Lawyers representing McGill-Toolen Catholic High School in Mobile, Ala., are denying a former football player's claim that negligence by the school was responsible for the brain injury he suffered during practice. Instead, it was Eric Williams' pre-existing medical condition that caused him to lose consciousness during a tackling drill in May 11, 2015.

Williams alleges that several McGill-Toolen football staff members were aware that he had suffered a head injury during practice four days earlier, but that they allowed him to return to practice too soon and without medical clearance from a doctor. According to AL.com, Williams' lawsuit names as defendants the Catholic Archdiocese of Mobile, McGill athletic director Bill Griffin, McGill principal Michelle Haas, current head football coach Earnest Hill, former head football coach Caleb Ross, current assistant coach Carl Jackson and athletic trainer Drew Garner.

Williams claims Jackson knew Williams was "emotional and suffering from headaches" after a May 7 drill, and that his condition was allowed to get worse. Jackson reportedly called the then-15-year-old Williams after practice, but did not encourage him to see a doctor. "From the time of the May 7, 2015 practice up to the May 11, 2015 practice the medical condition of Eric deteriorated to a point that he was required to seek emergency medical care," the suit states. "Eric was taken to the emergency room where a craniotomy was performed due to a subdural hematoma that was caused by the defendants' negligent, willful and/or wanton conduct."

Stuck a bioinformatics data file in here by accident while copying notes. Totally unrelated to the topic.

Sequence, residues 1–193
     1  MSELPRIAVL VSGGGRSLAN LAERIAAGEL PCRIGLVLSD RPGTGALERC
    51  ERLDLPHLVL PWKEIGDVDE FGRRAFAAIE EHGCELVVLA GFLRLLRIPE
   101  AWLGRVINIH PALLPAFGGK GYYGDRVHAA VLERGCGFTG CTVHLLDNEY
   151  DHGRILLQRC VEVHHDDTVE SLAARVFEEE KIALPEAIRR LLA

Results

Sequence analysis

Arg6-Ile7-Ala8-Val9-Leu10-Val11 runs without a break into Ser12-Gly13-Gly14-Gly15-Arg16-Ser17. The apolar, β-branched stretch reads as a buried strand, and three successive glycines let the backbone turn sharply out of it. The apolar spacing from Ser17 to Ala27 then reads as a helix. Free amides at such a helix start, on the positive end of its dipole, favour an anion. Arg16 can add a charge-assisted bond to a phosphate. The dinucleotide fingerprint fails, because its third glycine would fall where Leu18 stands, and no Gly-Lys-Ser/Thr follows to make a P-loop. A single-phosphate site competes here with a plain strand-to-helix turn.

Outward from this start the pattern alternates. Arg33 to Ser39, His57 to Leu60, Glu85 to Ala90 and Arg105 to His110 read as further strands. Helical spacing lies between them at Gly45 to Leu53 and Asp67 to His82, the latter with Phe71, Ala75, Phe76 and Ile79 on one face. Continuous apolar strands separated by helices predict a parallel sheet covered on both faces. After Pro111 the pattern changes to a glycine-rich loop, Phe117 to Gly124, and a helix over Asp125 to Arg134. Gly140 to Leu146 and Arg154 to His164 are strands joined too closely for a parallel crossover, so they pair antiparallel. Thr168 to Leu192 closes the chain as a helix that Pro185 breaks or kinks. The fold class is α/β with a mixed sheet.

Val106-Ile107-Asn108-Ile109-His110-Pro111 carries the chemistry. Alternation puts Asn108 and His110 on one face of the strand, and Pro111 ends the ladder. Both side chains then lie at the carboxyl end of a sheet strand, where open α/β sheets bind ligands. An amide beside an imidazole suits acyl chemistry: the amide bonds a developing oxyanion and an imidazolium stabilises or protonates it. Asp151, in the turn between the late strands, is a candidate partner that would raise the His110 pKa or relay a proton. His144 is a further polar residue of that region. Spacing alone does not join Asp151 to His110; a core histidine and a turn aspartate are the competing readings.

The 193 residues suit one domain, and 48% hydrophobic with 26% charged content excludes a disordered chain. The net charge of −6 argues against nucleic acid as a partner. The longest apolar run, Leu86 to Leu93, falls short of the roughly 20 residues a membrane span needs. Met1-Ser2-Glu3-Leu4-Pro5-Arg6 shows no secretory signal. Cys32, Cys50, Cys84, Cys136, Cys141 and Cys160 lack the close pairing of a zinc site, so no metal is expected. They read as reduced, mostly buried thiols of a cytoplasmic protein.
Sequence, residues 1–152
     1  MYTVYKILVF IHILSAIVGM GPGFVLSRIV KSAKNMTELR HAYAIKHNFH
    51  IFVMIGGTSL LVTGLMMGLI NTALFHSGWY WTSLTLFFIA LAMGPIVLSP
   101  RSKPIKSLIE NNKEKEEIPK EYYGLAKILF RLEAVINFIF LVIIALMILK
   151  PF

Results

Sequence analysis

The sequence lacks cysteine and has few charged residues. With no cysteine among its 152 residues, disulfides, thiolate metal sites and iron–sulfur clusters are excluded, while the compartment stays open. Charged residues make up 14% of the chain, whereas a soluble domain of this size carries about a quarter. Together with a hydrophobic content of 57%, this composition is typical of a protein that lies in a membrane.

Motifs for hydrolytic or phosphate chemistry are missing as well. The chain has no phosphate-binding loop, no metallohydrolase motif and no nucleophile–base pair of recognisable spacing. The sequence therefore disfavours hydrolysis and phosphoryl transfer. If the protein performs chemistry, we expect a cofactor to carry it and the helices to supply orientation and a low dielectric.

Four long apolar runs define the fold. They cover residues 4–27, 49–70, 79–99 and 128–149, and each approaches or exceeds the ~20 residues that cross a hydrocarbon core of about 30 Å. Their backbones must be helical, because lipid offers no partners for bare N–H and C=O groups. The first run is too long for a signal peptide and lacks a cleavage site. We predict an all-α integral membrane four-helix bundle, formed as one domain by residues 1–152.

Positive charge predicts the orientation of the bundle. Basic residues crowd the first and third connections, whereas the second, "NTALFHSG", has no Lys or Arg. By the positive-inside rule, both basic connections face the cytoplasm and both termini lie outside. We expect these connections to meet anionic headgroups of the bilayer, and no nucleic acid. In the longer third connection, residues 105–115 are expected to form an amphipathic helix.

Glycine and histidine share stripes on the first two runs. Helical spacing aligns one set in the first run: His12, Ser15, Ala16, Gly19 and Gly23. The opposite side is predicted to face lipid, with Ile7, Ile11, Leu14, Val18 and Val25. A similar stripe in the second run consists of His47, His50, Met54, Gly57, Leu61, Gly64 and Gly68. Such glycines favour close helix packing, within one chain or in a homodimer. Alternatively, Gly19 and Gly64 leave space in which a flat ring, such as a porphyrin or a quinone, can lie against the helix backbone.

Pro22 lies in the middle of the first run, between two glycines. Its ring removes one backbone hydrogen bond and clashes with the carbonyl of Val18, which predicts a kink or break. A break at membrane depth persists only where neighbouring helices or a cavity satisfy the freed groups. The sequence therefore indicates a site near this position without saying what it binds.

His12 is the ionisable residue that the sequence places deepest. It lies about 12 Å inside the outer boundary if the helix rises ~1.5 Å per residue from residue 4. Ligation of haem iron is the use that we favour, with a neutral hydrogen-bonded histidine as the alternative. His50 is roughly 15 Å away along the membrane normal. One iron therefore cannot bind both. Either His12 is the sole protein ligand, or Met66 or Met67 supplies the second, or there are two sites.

In its response last week, McGill-Toolen countered that while Williams did receive emergency room care, it was not necessitated by "any act or omission by the defendants."

Williams is seeking a jury award for "compensatory and applicable punitive damages and any other relief that this Court deems just." McGill-Toolen is asking for the case to be dismissed.

 

Paul Steinbach is Senior Editor of Athletic Business.